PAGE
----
In December there were 455 inmates in the main prison facility, which was built to house 80 inmates. Fifty young offenders (ages 18 to 20) were kept apart from older inmates. Sanitation was a particular problem, with open pit latrines for prisoners. Construction of a new prison facility near Dennery was just completed at year's end. It has separate facilities for females, young offenders, and those awaiting trial. It also has space set aside for rehabilitation programs, as well as a magistrate's courtroom. The Government hired and trained 78 new correctional officers to provide additional staff for the new prison; their training included segments on human rights.
In December there were 10 female prisoners in a separate prison facility for women, but they will be moved to the new prison in January 2003. Conditions in the women's facility were somewhat better than those at the men's prison. A boys' training school housed juveniles between 12 and 18 years of age; it will operate separately from the new prison.
The Government permitted prison visits by human rights observers. In addition, nine private sector volunteers appointed as "visiting justices" by the Ministry of Home Affairs visited prisoners periodically.
d. Arbitrary Arrest, Detention, or Exile
The Constitution prohibits arbitrary arrest or imprisonment and requires a court hearing 72 hours after detention, and the Government generally adhered to these provisions in practice. However, in the past, authorities had held prisoners for years on remand after charging them. There was no constitutional requirement for a speedy trial, but the Government planned to use the magistrate's court in the new prison to reduce processing time for court hearings after detention. Those charged with serious crimes spent an estimated 6 months to 1 year on remand; however, those charged with petty offenses often received speedy trials, particularly if victims or witnesses might leave the island.
The Government did not use forced exile.
e. Denial of Fair Public Trial
The Constitution provides for an independent judiciary, and the Government generally respected this provision in practice.
There are two levels of courts, which are the Courts of Summary Jurisdiction (Magistrate's Courts) and the High Court. Both levels have civil and criminal authority. The lower courts accept civil claims up to about $1,850 (EC$5,000) and criminal cases generally classified as "petty." The High Court has unlimited authority in both civil and criminal cases. All cases can be appealed to the Eastern Caribbean Court of Appeal. Cases also may be appealed to the Privy Council in London as the final court of appeal.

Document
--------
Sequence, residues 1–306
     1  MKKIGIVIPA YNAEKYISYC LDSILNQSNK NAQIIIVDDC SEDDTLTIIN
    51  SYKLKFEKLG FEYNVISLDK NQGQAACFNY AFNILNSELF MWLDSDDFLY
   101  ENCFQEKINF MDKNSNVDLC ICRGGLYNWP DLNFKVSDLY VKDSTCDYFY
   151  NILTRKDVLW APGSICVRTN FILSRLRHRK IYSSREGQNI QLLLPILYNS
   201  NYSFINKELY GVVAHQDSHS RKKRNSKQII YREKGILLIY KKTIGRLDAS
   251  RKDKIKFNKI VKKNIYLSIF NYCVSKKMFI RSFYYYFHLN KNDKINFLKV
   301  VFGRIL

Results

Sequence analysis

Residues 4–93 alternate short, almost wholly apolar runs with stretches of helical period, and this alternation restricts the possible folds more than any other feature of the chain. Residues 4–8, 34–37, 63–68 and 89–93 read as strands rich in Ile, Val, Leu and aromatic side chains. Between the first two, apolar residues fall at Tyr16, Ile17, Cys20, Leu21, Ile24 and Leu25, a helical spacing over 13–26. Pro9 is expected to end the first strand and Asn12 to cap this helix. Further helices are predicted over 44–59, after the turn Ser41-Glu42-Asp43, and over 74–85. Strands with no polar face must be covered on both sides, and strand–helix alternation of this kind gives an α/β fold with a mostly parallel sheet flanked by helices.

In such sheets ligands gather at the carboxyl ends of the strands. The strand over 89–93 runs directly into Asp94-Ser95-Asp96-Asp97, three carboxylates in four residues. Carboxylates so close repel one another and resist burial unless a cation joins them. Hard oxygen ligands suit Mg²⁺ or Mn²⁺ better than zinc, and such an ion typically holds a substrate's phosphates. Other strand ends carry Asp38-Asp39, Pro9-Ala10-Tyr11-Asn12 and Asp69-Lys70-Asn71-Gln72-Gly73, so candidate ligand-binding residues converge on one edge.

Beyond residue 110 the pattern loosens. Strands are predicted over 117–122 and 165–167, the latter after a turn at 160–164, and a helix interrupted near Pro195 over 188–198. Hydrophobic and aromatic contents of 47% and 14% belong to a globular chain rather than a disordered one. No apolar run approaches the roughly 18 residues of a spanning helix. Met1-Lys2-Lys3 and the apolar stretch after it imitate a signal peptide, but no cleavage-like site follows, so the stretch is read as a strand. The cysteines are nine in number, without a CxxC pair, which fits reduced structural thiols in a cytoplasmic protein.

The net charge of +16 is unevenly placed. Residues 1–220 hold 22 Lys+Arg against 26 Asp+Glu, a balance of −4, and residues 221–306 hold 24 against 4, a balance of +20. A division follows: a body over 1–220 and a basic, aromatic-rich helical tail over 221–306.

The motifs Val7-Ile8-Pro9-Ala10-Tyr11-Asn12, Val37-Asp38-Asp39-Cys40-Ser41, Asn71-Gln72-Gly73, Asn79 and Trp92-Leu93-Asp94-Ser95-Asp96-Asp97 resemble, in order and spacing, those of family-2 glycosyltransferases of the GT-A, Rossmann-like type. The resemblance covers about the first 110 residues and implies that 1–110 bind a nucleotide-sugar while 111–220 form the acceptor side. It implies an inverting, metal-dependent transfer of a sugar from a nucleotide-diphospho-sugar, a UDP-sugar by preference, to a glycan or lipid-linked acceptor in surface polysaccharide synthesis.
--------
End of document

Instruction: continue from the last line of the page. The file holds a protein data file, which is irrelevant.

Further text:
The Constitution requires public trials before an independent and impartial court and, in cases involving capital punishment, provision of legal counsel for those who cannot afford a defense attorney. In criminal cases not involving capital punishment, defendants must obtain their own legal counsel. Defendants were entitled to select their own legal counsel, were presumed innocent until proven guilty in court, and had the right of appeal. The authorities observed both constitutional and statutory requirements for fair public trials.
The court system continued to face a serious backlog of cases. In November 2001, the Government appointed two new magistrates. The average time for a trial took 3 to 6 months in the magistrate's courts and 6 to 12 months for criminal cases. In an effort to speed up the court process, the Eastern Caribbean Supreme Court held training in October for court personnel in the areas of caseflow management and records management.
Citizens took justice into their own hands by attacking individuals suspected of committing crimes. In September residents in Soucis attacked a man suspected of robbing an elderly shopkeeper. In October the press reported that villagers in Anse La Raye chased a man suspected of involvement in the death of 70-year-old John Cadasse; he ran away, but the police arrested him and held him at year's end pending an investigation.
There were no reports of political prisoners.
f. Arbitrary Interference with Privacy, Family, Home or Correspondence
The Constitution prohibits such actions, and government authorities generally respected these prohibitions in practice. Violations were subject to effective legal sanctions.
2. Respect for Civil Liberties, Including:
a. Freedom of Speech and Press
The Constitution provides for freedom of speech and of the press, and the Government generally respected these rights in practice.